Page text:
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United States v. Wade

Citation. United States v. Wade, 388 U.S. 218, 87 S. Ct. 1926, 18 L. Ed. 2d 1149, 1967)
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Brief Fact Summary.

Two men were indicted for bank robbery and appointed counsel to defend them. They were brought before the employees to participate in a line up identification procedure without the benefit of the presence of counsel, after indictment, but prior to trial.

Synopsis of Rule of Law.

The Sixth Amendment of the United States Constitution (“Constitution”) guarantees an accused the right to counsel at post indictment identification procedures, and the failure to provide the accused with counsel will result in the suppression of the improperly conducted identification.


Two men robbed a bank in Eustace, Texas. One man, with two pieces of tape on his face, went into the bank, pointed a gun at the cashier and demanded the money. His accomplice waited outside in a stolen getaway car. Wade and his accomplice were indicted for the robbery and counsel was appointed. About two weeks later, a Federal Bureau of Investigation (“FBI”) agent caused the two men to be part of a lineup consisting of five or six other men at which the bank employees were asked to make an identification, and at which the two men were in fact identified.

At trial, Wade’s defense counsel objected to the identification procedures, but his efforts to have them stricken were in vain. Wade was convicted of the robbery. The Fifth Circuit reversed, holding that the lineup had violated Wade’s Sixth Amendment constitutional right to counsel.


Whether courtroom identifications of an accused at trial are to be excluded from evidence because the accused was exhibited to the witnesses before trial at a post indictment lineup conducted for identification purposes, without notice to, and in the absence of, the accused’s appointed counsel?


Yes. The court must analyze whether potential substantial prejudice to defendant’s rights inheres in the particular confrontation and the ability of counsel to help avoid that prejudice. The in court identification must be found to have independent origin, free of the primary taint of the improperly conducted lineup, in order to be admitted.


Justice Hugo Black (“J. Black”) concurred as to the part of the Supreme Court of the United State’s (“Supreme Court”) holding that the post indictment lineup violated Wade’s right to counsel, and dissents as to the part of the court’s opinion that held that Wade’s Fifth Amendment right against self incrimination was not implicated. He would hold instead that, since the prosecution did not make use of the out of court lineup at trial, the conviction of the defendant should be affirmed.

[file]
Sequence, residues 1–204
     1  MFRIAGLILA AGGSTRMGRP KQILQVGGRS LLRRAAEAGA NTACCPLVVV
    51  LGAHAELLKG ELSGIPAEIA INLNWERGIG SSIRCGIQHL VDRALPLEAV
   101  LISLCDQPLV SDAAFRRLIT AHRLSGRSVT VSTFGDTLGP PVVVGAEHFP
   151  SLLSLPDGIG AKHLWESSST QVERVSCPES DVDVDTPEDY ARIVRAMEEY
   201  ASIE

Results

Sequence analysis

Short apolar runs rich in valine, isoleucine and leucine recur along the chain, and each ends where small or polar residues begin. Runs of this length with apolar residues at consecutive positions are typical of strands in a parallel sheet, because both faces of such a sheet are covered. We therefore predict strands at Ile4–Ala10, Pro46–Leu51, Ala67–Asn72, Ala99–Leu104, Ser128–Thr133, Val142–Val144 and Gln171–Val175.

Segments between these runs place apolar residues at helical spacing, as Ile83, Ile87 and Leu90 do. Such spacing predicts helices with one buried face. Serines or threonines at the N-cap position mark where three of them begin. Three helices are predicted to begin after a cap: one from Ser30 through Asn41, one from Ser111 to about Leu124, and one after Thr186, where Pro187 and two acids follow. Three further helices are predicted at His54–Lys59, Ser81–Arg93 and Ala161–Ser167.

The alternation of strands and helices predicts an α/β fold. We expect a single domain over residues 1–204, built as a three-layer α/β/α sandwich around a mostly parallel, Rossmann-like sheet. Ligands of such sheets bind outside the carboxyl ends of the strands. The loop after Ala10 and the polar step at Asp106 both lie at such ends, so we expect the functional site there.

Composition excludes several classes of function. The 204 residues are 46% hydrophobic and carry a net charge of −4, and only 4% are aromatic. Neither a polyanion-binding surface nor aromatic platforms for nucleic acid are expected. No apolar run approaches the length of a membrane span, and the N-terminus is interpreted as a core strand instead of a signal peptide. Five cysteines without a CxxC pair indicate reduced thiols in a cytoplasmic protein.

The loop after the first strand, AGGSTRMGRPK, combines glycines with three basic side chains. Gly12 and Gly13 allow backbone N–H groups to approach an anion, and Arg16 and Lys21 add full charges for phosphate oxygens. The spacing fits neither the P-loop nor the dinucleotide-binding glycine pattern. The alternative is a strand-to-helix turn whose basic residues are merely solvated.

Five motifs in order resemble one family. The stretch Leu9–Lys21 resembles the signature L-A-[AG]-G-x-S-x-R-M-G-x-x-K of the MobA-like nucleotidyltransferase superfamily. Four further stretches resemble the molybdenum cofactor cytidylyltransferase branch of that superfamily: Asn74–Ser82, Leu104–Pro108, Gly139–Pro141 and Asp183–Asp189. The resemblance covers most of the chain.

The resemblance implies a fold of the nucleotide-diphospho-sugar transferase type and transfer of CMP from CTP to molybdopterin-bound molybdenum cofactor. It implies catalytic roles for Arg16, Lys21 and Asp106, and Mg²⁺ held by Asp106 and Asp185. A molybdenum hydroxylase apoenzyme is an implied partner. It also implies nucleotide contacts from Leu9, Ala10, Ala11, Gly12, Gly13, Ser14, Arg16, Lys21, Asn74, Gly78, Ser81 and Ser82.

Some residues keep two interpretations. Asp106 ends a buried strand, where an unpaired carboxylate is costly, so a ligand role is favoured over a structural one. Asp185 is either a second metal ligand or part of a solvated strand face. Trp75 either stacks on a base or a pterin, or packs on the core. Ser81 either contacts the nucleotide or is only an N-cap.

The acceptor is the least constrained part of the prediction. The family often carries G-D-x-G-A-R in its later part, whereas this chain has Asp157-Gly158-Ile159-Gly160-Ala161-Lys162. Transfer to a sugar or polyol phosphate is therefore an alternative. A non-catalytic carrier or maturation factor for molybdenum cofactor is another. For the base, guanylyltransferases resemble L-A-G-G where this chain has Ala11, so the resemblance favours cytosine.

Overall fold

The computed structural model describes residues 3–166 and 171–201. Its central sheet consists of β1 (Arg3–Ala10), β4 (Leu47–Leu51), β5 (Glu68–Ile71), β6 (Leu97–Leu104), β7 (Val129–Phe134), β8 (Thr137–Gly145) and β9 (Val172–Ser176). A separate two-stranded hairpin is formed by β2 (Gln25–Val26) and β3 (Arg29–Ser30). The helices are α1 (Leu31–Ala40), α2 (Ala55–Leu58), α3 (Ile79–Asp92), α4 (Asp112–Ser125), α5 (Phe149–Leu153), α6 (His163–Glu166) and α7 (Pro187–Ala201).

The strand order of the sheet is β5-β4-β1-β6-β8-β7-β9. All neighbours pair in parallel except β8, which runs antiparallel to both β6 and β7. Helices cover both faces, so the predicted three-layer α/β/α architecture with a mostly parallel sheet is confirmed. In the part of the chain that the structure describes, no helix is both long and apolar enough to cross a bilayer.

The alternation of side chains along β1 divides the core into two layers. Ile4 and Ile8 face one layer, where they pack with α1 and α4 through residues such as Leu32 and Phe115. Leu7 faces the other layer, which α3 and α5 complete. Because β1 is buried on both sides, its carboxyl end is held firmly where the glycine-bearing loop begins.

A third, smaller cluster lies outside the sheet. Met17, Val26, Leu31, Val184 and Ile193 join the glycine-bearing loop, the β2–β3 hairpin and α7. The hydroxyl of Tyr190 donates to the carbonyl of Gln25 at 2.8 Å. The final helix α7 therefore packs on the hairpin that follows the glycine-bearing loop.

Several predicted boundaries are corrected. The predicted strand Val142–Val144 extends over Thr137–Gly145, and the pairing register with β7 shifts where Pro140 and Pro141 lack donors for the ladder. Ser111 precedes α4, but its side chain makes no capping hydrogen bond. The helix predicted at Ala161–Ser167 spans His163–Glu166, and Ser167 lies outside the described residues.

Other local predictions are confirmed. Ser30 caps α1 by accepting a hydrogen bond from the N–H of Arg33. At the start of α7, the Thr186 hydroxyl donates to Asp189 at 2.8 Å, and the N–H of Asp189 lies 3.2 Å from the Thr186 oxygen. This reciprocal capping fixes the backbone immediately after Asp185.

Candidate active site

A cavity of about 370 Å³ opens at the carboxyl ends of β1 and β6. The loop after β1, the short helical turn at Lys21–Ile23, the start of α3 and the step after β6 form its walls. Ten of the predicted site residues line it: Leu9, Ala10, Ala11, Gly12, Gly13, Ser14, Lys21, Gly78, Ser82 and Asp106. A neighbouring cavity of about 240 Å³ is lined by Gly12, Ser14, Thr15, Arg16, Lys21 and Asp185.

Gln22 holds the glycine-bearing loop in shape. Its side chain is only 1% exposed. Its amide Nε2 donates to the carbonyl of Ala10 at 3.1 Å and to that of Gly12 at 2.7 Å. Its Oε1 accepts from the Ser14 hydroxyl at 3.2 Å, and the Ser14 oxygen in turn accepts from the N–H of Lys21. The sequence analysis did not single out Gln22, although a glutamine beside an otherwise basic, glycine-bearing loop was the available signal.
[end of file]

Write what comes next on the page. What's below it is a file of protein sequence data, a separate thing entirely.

Justice Byron White (“J. White”) concurred as to the part of the opinion holding the Fifth Amendment of the Constitution irrelevant to the present case, but dissents from the remainder of the opinion, arguing that relevant evidence should not be excluded simply because of a slight misstep in the discovery of that evidence, relying in large part on the reasoning from his dissent in Miranda v. Arizona.

Justice Abe Fortas (“J. Fortas”) concurred in the holding of the court, but would also hold that the accused may not be compelled to utter words during the lineup for the purposes of identification. He reasons that it could not be compelled in the courtroom, and, as a result, should not be compelled at a critical pre-trial proceeding.

Concurrence. Justice Tom Clark (“J. Clark”) writes separately to agree with the holding due to the applicability of Miranda v. Arizona, holding it self evident that an identification procedure is a critical stage of the prosecution.


The opinion emphasizes the fact that the Fifth Amendment right against self incrimination is not implicated because nothing about the lineup itself violated the long line of cases holding that only testimonial or communicative evidence must be suppressed if coerced. The Sixth Amendment right to counsel, however, did attach to pretrial proceedings because of the importance that they have carrying on an adequate defense. The right has been interpreted to apply to “critical” stages of the proceedings. Identification procedures are critical because of the many dangers that inhere in identification procedures in general, and in eyewitness identifications in particular. Any prejudice occurring in an identification procedure without counsel present would denigrate the right of the defendant to effectively cross examine the witness in question.

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